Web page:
What are the tragic facts of democracy


Concentrating on the defeat of the war, the hasty October reforms and the deep contradictions in the labor movement, the article intensifies the contradictions of the revolution like theses.


The revolution of 1918/19 is one of the most important decisions in recent German history. However, different, even irreconcilable potentials collided in their course. Hope and fear, idealism and oppression, soaring expectations and deep disappointments all combined in her. The experience of the revolution remained correspondingly contradictory. For some, especially the Majority Social Democrats (MSPD), it represented a heroic effort with elements of tragic failure. For others, she embodied a national misfortune, while still others hoped for a forward-looking development in German history from her.

For the anti-republic and anti-democratic extremists, on the other hand, the revolution was contaminated from the outset by its supposedly treasonable character: the communists followed Lenin's claim that the Social Democrats were "betraying workers", while the extreme right coined the poisonous word "treason" and criminalized the revolution. Such extreme contradictions in memory reflected the political turmoil in Weimar society. In the personality of Reich President Friedrich Ebert, who had lost two sons in the World War and was branded a "traitor to the workers" by the extreme left and a "traitor" by the extreme right, she found an almost tragic embodiment. [1] For a long time, historiography was based on contemporary levels of experience. Karl Dietrich Erdmann's early, equally apodictic and influential judgment, according to which in 1918/19 there was a clear "either-or" between parliamentary democracy in league with the conservative forces on the one hand and the Bolshevik dictatorship on the other, essentially followed the self-perception of the majority Social Democratic leaders. [2] The revision of this thesis, strongly influenced by Arthur Rosenberg, spoke of excessive anti-Bolshevism, postulated an "open situation" and saw in the workers 'and soldiers' councils a democratic potential that could be used. In doing so, it essentially followed the self-perception of the Independent Social Democrats (USPD). [3]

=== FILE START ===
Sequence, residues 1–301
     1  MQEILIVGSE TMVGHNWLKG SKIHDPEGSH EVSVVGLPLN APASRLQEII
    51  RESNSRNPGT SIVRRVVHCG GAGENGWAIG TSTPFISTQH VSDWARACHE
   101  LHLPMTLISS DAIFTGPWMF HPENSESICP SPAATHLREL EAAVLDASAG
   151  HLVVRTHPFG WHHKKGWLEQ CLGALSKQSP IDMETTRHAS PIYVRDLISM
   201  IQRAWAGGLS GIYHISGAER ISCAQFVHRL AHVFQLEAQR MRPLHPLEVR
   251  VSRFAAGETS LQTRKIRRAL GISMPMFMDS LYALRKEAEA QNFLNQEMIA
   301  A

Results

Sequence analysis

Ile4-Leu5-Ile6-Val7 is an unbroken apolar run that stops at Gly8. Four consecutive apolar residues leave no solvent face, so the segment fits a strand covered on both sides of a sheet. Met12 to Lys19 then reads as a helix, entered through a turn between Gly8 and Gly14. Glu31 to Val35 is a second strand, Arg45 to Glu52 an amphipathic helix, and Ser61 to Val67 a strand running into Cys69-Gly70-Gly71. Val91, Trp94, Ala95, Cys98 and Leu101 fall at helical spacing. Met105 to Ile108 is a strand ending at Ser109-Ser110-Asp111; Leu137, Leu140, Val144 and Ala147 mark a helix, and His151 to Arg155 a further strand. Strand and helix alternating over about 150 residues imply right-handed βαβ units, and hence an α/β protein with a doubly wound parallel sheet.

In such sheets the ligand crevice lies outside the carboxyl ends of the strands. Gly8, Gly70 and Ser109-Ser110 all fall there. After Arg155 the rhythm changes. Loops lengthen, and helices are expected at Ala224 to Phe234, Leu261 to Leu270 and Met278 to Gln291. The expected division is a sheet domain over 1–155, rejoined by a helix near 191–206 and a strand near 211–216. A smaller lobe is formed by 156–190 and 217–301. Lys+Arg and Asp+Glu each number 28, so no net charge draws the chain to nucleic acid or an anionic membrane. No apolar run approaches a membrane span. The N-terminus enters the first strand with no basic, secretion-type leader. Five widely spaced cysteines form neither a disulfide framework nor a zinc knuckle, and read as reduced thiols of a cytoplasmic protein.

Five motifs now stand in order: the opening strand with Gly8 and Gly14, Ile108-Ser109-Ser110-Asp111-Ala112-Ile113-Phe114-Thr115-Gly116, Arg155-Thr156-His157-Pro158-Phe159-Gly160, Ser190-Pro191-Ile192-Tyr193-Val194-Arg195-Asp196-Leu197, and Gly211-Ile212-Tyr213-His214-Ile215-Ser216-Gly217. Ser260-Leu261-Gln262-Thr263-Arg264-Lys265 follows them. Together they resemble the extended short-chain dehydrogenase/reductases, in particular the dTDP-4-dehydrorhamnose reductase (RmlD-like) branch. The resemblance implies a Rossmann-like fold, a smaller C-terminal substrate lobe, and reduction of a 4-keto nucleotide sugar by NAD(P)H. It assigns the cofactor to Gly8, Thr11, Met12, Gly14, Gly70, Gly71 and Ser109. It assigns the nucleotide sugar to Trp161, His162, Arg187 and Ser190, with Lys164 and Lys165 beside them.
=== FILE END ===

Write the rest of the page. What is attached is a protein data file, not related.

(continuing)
The more clearly the older historiography took such normative positions, the more it tended to make political ex-post judgments in view of the failure of the Weimar Republic and to speak of omissions or "mistakes" on the part of the actors. Mostly behind this was the unspoken wish to open up the possibility of a "different", more promising path to German history. Today, on the other hand, weimar history no longer needs to be used to secure identity. Rather, it is important to take the deeply contradicting signature of the epoch as such seriously and make it the starting point for historical questions. Only when the course of events is viewed in its complexity can its results also be accepted, and the temptation to retrospectively distribute historical-political censorship is reduced. The disappointment about the course of the revolution, which was all-encompassing at the end of 1919, then becomes a historical category in its own right. It appears less as a result of wrong decisions or mistakes by the actors than as the result of a contradicting and uncontrollable complexity.

With this in mind, and in a theses-like, pointed selection, four fields of contradiction are measured below. Together they constituted a paradoxical field of tension in which the revolution prepared, unfolded, polarized and at the same time exhausted itself.